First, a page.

When Adam and Eve were cast out of the garden, they were never meant to reenter the way they’d left — that way was guarded by angels and a flaming sword (Gen.3:24). God, instead, would provide a new way into His presence. So, forward, forward through the ages, God revealed the way, His plan of redemption, through different signs and various foreshadows. Each one pointed to our need for a true and lasting Sacrifice, whose name would be Jesus. On the Day of Atonement, God planned one such sign through two different goats: one would be sacrificed and one would be a scapegoat. These two goats would point to our need for a Savior who could simultaneously:
- stand as a substitute in the place of sinful people, as an atoning sacrifice and satisfaction of God’s wrath toward sin (propitiation), and
- carry the sins of God’s people far away from God’s presence (expiation).
The requirements the Israelites were to follow on Atonement Day revealed the exceeding sinfulness of sin. Sin must be put to death by the death of a substitute; and sin must be transferred and carried far away. Both.
On the Day of Atonement, the one day of the year when the High Priest could enter the temple’s Most Holy Place, God was saying:
“Fear Me. I am high and holy and you cannot approach me. Aaron’s sons died when they approached carelessly (Leviticus 10:1-3). But I will make a way (Leviticus 16:1-3). I will atone for your sin which separates you from me. I will provide the acceptable sacrifice. I will provide, on the Day of Atonement, a foreshadowing, a picture for you of the True Sacrifice who is to come.”
So: “… two goats were brought to the tabernacle/temple to deal with the sin of the entire nation (Lev. 16:6–10). One goat was killed and its blood was sprinkled on the mercy seat (vv. 15–19). This sacrifice on the Day of Atonement resulted in propitiation — the satisfaction of God’s wrath on a substitute in place of the people.”
The High Priest then laid hands on the second goat’s head (transferring the “wickedness, rebellion and sins” of the people onto the goat). This goat was then sent away to the wilderness of Azazel (Lev. 16:20-22), carrying with it the sins of God’s people. Sins were expiated, taken away from God’s presence, away from the holy place:
“Even though God ordained regular burnt offerings and sin offerings to atone for the sins of Israel, propitiate His wrath, and cleanse the people of their wickedness (Lev. 1; 4:1–5:13), it is clear from the book of Leviticus that even all these rituals were not enough. Sins could be forgotten and not confessed when laying hands on the offerings. The ultimate inability of the blood of bulls and goats to deal with sin (Heb. 10:4) meant that animal sacrifices did not go far enough but were only a temporary measure to cover transgression. Finally, the repeated sins of priests and people alike could build up to the point where not only the tabernacle but even the throne room of the Lord — the Most Holy Place or Holy of Holies — would also be contaminated. The Day of Atonement was designed to deal with all these realities.
Most of the procedures followed on the Day of Atonement were similar to those followed for the other offerings except that the blood of the sacrifices was sprinkled on the mercy seat in the Most Holy Place as well (Lev. 16:14). This was done lest the accumulated sin cause God to immediately punish the high priest and the people. Aaron and the later high priests also had to throw incense in the air (vv. 12–13) in front of them as they approached the ark of the covenant so as to keep them from being able to see the Lord; otherwise, they would have died (Ex. 33:12–23)…The requirement for the people to afflict themselves on the Day of Atonement (Lev. 16:29–34), a reference to self-examination and repentance, was a clear sign that the sacrifices on that day would be effectual only when the people were contrite.” (R.C. Sproul)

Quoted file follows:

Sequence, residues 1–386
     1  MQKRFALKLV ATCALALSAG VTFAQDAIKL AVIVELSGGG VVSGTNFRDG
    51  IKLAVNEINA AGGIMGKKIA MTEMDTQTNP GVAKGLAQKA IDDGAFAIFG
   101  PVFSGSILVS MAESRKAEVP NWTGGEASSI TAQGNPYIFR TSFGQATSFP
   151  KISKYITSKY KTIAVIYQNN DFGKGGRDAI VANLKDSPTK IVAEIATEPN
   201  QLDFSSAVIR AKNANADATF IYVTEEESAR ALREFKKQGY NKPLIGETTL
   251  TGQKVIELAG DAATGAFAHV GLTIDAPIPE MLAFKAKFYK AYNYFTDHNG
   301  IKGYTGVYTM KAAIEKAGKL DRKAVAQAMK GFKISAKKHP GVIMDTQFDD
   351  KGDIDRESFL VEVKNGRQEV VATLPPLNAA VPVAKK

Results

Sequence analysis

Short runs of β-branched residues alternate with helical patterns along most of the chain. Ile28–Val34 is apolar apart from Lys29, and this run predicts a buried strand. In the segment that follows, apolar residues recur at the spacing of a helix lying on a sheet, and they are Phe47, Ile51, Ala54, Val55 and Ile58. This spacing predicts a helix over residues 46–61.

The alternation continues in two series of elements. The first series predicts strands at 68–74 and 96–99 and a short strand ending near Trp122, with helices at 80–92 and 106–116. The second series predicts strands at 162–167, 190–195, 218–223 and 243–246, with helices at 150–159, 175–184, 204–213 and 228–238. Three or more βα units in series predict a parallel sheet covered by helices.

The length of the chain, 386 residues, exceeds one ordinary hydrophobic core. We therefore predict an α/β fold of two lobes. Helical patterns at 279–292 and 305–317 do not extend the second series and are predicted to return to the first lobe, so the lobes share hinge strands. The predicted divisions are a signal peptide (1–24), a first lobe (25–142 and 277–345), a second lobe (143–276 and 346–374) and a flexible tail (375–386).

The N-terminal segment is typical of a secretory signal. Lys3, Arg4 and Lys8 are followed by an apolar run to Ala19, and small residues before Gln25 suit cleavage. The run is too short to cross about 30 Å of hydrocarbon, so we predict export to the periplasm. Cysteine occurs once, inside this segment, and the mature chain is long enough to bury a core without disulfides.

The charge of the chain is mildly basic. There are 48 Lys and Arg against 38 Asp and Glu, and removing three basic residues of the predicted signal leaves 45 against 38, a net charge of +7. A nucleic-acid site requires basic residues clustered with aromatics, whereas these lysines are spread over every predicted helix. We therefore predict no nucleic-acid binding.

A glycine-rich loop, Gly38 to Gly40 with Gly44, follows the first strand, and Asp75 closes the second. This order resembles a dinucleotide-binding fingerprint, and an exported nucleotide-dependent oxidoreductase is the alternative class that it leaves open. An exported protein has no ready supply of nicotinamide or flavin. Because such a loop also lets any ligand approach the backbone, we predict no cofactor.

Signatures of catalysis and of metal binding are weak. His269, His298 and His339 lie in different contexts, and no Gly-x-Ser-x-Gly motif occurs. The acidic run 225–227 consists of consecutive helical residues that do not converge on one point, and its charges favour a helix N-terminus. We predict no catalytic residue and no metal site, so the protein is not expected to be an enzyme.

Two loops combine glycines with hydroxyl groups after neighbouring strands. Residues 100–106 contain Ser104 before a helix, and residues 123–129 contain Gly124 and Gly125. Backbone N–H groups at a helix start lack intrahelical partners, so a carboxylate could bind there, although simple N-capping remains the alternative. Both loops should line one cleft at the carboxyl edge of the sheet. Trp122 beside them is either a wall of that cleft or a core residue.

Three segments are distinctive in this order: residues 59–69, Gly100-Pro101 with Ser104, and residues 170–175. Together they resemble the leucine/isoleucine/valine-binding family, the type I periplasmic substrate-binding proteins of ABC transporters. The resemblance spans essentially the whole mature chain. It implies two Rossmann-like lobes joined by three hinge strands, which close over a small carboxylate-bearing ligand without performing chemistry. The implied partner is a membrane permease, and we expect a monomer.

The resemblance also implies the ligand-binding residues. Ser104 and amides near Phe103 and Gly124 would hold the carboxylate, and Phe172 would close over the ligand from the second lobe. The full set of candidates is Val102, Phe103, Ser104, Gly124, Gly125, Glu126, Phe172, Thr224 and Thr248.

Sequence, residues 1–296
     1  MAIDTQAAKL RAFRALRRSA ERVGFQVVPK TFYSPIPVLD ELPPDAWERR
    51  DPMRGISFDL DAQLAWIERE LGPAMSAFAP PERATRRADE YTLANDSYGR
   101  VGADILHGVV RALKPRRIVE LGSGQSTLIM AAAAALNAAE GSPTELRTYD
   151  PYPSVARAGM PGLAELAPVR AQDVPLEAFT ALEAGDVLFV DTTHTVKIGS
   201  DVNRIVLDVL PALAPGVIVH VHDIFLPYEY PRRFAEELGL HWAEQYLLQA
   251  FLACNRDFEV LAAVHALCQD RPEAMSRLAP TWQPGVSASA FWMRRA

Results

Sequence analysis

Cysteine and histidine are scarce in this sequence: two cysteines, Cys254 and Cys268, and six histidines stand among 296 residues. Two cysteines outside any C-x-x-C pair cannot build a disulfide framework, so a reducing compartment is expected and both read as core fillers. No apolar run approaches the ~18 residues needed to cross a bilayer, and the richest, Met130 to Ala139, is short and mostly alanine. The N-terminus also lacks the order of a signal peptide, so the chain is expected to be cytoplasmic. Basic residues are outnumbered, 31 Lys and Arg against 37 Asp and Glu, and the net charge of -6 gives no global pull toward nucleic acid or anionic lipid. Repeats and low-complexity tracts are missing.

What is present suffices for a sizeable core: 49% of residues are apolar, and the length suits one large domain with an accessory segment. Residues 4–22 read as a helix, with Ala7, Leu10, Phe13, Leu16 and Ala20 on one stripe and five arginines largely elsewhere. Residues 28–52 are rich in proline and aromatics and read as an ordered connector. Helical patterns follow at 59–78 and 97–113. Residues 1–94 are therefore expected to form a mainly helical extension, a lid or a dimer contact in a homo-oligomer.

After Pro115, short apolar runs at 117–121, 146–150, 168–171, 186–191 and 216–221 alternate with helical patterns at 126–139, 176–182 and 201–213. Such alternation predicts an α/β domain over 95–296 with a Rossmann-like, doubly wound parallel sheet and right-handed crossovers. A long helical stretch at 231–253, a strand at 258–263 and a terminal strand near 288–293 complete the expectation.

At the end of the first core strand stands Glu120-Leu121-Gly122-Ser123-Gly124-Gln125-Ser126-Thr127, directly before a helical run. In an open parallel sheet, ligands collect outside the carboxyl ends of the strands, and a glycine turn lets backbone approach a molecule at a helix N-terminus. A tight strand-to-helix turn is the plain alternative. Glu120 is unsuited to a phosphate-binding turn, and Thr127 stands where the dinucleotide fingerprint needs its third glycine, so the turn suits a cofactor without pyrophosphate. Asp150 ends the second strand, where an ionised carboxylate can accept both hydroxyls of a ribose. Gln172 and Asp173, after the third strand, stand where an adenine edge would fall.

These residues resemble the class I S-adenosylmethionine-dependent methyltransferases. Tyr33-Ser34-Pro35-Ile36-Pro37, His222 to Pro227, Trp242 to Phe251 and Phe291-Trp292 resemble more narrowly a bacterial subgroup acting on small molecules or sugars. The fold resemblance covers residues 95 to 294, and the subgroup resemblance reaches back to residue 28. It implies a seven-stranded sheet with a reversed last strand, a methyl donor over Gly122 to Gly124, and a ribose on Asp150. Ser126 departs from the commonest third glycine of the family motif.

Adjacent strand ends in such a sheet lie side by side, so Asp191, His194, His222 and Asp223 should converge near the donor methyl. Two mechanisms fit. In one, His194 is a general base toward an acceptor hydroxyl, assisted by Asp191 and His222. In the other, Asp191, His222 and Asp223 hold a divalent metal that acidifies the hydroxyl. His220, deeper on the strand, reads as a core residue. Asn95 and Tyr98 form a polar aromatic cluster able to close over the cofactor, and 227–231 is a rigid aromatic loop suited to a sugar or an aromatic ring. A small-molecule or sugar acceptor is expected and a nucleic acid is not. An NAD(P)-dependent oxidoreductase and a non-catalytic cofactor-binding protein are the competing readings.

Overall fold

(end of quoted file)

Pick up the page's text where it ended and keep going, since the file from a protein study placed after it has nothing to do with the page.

Easter and the Day of Atonement
In light of the Day of Atonement’s powerful foreshadowing, how will we be humbly amazed this Easter? By this:
- Jesus knew, and freely chose to be both sacrificed, and sent away from God’s presence, for our sake. (John 13:19, Matthew 20:28, John 18:4).
- The Day of Atonement dealt yearly and temporarily with the people’s sin, but Christ’s blood brings mercy instead of judgement, permanently and forever, for those who believe in Him.
- Christ’s death as the ultimate sacrifice makes it possible for His people to approach, and one day to see, God.
- Jesus is the Sacrifice that all the other sacrifices pointed to: His death, foreshadowed by the sacrificed goat, results in the satisfaction of God’s wrath toward sin for those who believe in Him; His sacrifice, foreshadowed by the cast-out scapegoat, casts our sins far from the Lord, as far as the east is from the west (Ps. 103:12).
And just as those whose sins were forgiven by the blood of the sacrificial goat and the casting away of the scapegoat had to examine themselves and repent in contrition before the Lord for the sacrifice to be effectual, so we who claim Christ’s sacrifice on our behalf must do the same. For if the procedures followed on the Day of Atonement showed the exceeding sinfulness of sin, Jesus’ death and separation on the cross did even more so.
This Easter, bow before Him! Be amazed by the unfolding of God’s foreshadowed, redemptive plan, which culminated in the merciful sacrifice of Jesus for you.
He alone is worthy. He alone is love.
“Moved by the perfection of His holy love, God in Christ substituted Himself for us sinners. That is the heart of the cross of Christ.” (John Stott, The Cross of Christ)
The Scapegoat, 1854-56, William Hunt
High Priest Offering Sacrifice of a Goat, Henry Northrop, 1894